Pattern for My TenTec 1056

September 25, 2007 | General | By: Mark VandeWettering

Well, i was playing with the TenTec some more, and noticed that it wasn’t very mechanically stable . The VFO wanders considerably just from the capacitance of objects in its vicinity, by as much as a couple of hundred Hertz. It’s time to get this thing mounted permanently in the box I ordered for it. I’m not sure that will help, but it certainly won’t hurt either.

I sat down for a few minutes, and typed up some raw PostScript to design the front panel and the base pattern, along with markings for all the holes in the case. I’m betting the holes in the circuit board are #4 screws, which require a 7/64th inch hole, and the potentiometers in the front require 5/16″ pilot holes. I’m going to print these out on big label stock, and then cut them and mount them on the case as patterns for drilling.

Don’t know if this will be useful to anyone else, but here ya go.

PDF Template for TenTec 1056

I still have to figure out what other connectors to add. I suspect i’ll put a regular SO-259 to connect the antenna, sockets for an external speaker or headphones, and maybe a BNC connector for adding an external frequency counter. But this is a good start.

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Comments

Comment from Brock
Time 8/19/2009 at 6:16 pm

I like your template and may use it in the future. I mounted my 1056 in a radio shack plastic enclosure with a metal panel on the plastic removable lid. I’m not having trouble with drift very much. I’ve found the best way to tune for CW if I’m using a transceiver as the transmitter is to select the 1056 and listen to the transceiver for the VFO of the 1056. At its lowest frequency is where the CW of the other ham will be heard. I’ve ordered a frequency counter/display from ebay for about $20 and plan to mount it on the 1056 to better tune in the other stations. I really love this receiver and am having a lot of fun with it.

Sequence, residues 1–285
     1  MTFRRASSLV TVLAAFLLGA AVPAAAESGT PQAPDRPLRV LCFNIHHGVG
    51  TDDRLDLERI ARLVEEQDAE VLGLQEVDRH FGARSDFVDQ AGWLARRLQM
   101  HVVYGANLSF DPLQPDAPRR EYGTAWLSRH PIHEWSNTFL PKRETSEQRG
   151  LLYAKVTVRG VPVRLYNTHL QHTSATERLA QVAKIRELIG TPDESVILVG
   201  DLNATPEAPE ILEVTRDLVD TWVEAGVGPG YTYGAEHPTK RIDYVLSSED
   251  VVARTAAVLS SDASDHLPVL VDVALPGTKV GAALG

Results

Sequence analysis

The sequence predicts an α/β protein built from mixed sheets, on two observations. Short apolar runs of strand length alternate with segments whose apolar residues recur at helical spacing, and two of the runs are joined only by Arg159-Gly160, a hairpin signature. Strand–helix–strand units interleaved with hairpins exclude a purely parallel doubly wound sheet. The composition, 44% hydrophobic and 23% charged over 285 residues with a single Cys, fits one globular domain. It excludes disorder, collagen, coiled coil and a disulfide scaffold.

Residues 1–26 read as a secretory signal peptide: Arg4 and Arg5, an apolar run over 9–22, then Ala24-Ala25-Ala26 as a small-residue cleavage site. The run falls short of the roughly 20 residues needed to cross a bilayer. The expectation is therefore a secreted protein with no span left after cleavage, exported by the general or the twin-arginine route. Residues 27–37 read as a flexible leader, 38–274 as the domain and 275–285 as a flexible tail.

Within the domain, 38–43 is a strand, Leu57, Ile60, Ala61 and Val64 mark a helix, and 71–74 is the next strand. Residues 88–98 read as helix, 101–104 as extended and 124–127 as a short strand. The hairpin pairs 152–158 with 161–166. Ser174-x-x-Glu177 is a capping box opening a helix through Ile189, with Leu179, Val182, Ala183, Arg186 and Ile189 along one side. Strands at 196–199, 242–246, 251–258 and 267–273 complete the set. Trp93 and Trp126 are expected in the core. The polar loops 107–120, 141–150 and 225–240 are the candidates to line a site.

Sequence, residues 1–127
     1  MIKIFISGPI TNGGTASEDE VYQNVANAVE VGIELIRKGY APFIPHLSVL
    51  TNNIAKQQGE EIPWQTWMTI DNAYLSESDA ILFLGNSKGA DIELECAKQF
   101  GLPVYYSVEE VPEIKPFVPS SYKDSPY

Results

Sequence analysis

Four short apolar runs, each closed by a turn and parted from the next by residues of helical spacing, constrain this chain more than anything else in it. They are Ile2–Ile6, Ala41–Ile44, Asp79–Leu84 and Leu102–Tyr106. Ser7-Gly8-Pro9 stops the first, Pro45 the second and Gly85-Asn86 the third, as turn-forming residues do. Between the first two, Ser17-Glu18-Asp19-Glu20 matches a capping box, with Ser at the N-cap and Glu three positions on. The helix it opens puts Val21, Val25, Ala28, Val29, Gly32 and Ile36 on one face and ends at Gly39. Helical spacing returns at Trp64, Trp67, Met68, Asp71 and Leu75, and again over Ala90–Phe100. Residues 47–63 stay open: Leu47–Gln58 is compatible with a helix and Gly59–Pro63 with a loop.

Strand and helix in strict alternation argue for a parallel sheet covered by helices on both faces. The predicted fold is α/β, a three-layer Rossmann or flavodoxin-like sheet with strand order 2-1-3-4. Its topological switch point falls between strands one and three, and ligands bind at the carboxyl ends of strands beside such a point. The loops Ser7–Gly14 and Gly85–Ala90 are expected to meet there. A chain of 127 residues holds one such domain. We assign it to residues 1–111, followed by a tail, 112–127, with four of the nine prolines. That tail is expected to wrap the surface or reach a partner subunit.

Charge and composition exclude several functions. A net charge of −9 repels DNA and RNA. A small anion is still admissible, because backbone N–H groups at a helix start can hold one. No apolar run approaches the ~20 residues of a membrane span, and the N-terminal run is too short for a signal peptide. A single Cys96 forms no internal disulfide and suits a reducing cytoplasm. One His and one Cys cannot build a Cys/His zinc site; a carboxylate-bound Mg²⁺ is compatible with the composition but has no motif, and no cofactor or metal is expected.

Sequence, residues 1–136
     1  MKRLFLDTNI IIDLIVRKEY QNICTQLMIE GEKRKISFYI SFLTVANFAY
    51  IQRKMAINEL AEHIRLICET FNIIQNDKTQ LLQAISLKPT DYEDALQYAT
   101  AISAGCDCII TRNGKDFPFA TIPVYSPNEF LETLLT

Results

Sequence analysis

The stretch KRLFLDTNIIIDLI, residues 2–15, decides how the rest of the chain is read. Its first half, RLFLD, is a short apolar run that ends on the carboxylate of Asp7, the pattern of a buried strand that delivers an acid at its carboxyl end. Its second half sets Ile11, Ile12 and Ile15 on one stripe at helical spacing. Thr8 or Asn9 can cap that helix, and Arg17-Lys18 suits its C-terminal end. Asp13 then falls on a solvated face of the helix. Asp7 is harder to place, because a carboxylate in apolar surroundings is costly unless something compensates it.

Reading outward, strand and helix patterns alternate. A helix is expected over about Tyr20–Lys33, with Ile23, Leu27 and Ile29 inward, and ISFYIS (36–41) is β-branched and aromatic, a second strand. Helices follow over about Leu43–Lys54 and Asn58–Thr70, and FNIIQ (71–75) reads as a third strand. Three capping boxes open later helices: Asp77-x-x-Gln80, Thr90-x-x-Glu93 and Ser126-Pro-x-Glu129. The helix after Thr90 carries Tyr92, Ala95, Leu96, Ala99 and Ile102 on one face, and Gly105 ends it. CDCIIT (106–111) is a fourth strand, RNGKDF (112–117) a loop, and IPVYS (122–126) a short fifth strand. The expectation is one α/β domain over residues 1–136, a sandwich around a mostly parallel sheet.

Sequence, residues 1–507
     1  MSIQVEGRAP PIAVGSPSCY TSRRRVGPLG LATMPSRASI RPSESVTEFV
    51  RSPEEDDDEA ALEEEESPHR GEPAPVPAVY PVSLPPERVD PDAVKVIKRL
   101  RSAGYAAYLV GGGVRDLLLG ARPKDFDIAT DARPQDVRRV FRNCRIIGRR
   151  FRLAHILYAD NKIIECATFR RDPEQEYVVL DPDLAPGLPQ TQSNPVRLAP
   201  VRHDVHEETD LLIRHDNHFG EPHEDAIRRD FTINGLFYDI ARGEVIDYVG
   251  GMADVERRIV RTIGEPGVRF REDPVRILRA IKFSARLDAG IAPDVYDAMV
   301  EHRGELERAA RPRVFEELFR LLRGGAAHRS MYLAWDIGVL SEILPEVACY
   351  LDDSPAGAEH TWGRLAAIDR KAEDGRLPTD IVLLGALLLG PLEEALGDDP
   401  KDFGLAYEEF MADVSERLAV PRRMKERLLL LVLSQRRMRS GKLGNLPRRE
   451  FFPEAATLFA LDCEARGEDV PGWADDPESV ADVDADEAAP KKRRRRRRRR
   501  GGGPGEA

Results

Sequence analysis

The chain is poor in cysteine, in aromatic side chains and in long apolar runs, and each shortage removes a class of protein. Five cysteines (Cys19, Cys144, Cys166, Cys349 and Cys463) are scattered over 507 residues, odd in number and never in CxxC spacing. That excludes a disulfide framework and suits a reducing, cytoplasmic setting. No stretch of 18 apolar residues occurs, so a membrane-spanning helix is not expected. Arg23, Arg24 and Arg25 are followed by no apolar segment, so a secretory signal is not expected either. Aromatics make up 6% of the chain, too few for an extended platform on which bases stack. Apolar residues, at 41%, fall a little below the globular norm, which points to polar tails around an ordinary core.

Comment from Brock
Time 9/6/2009 at 6:55 pm

I was unable to get the frequency counter to work reliably on the 1056. I have, however, gotten extremely good selectivity using the CW GET program utilizing the Digital Signal Processing (DSP) filter settings. Run the radio audio into the mic input to your sound card and the audio out of the sound card to your headphones.
I also tuned the receiver until I heard its vfo in my OMNI D transceiver. I noted the frequency with a pencil on the front panel every increase of 5 kilohertz. ie. 7030,7035, etc. for 40 meters. I have a digital readout on the transceiver.